The 1930s model
The Museum is also home to a vast model of a blue whale.
It was made to complement the skeleton, and was built from plaster, wire and wood.
It was constructed before anyone had properly studied a living whale.
In the 1930s, its makers relied on images of beached carcasses, which become bloated after the animals die.
The Museum's technical assistant and taxidermist, Percy Stammwitz, started work on the model in 1936.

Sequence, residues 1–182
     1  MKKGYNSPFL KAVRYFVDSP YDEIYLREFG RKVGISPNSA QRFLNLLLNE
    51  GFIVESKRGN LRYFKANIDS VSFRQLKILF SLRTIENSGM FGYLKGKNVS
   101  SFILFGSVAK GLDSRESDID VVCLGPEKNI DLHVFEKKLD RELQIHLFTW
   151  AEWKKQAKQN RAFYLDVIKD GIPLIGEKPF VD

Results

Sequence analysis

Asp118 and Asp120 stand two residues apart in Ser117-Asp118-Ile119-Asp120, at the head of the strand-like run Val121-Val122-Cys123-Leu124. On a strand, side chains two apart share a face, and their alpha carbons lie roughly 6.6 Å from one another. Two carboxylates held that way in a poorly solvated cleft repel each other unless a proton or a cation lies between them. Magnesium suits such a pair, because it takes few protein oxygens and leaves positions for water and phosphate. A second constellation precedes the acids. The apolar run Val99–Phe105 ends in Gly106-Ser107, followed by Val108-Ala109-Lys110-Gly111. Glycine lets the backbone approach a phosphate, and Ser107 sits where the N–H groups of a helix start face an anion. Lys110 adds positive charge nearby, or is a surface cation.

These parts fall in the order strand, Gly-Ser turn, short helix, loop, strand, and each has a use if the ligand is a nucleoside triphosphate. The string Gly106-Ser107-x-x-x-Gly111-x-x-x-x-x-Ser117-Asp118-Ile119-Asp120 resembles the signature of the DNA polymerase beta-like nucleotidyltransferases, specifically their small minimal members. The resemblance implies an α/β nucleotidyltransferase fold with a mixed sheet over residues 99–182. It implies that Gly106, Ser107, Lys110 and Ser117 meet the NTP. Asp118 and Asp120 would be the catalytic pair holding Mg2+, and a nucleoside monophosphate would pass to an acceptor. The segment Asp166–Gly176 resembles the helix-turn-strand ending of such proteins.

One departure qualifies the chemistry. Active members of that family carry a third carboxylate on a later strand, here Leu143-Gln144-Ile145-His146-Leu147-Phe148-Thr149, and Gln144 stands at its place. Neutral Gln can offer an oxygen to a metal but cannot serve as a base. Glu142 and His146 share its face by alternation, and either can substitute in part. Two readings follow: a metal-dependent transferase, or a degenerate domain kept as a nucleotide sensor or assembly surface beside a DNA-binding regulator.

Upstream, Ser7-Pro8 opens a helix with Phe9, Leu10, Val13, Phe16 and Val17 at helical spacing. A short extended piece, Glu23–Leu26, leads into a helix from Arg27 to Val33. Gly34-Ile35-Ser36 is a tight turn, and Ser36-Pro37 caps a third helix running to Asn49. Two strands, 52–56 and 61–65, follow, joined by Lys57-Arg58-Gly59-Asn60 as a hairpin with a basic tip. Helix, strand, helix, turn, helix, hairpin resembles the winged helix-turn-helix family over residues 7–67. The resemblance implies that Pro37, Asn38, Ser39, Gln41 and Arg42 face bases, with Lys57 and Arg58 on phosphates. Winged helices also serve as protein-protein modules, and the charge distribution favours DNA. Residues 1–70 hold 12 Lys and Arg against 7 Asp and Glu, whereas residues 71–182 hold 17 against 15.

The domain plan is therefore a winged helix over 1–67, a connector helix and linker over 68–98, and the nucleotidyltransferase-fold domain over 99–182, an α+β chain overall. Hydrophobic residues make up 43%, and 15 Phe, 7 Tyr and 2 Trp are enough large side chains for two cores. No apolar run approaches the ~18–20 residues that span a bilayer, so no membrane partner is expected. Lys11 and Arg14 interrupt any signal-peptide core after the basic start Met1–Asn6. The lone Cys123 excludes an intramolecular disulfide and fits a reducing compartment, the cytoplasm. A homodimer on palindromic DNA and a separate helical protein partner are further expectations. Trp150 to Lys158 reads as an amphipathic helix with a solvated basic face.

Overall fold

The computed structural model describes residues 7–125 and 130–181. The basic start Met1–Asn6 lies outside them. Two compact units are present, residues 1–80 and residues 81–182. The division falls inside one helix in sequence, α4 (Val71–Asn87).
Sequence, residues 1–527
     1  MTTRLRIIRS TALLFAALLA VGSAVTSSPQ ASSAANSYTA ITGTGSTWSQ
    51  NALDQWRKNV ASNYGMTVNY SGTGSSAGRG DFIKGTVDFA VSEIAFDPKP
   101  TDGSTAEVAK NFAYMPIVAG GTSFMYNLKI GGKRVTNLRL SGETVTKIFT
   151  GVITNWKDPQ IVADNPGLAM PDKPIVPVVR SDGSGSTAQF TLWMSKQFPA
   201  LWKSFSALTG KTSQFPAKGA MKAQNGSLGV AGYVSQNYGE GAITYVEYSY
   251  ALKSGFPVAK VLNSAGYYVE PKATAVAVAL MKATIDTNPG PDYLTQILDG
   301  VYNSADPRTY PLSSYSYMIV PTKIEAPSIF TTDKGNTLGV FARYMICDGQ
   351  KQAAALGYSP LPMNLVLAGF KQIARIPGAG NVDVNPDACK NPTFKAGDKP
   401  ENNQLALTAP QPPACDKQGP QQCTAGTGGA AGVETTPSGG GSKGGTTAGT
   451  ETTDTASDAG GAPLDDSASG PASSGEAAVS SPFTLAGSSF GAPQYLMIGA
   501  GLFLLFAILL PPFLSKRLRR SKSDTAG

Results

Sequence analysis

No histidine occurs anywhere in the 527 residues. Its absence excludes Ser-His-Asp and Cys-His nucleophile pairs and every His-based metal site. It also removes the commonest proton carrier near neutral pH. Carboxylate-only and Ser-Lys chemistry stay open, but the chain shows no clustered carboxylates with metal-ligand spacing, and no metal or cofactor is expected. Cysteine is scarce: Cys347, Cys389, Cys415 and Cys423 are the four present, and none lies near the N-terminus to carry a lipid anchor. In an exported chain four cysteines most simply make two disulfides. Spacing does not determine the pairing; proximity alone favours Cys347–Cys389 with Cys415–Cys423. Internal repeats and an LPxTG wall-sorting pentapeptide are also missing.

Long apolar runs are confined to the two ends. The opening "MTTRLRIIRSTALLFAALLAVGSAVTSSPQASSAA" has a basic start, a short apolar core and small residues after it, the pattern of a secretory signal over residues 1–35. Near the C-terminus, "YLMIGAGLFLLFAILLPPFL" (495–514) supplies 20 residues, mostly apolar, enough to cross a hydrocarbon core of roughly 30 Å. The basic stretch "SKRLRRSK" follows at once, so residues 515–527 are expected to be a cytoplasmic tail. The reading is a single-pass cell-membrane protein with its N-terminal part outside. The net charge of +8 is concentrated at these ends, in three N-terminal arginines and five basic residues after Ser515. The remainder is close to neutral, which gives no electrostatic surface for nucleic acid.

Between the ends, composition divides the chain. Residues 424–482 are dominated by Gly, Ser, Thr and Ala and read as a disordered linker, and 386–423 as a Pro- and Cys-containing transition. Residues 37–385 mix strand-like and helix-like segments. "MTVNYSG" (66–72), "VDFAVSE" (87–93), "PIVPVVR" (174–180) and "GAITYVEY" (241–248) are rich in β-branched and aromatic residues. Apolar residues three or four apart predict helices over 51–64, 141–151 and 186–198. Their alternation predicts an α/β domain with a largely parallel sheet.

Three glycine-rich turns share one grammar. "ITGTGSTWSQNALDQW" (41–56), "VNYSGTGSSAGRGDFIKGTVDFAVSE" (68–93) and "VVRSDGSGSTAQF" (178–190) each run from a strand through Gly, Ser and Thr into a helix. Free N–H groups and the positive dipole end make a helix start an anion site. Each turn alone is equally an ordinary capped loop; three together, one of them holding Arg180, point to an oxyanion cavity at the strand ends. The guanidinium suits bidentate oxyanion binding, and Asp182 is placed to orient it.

He used giant paper cut-outs to measure the wooden sections and overlaid the structure with wire, before finishing it with plaster.
Rumours abound that during the two-year construction period, workers used the whale's belly as a canteen area.
The construction was an engineering feat, despite its anatomical inaccuracies.
Experts now know that blue whales are far more streamlined than this model suggests, after the close study of specimens like the one in Hintze Hall.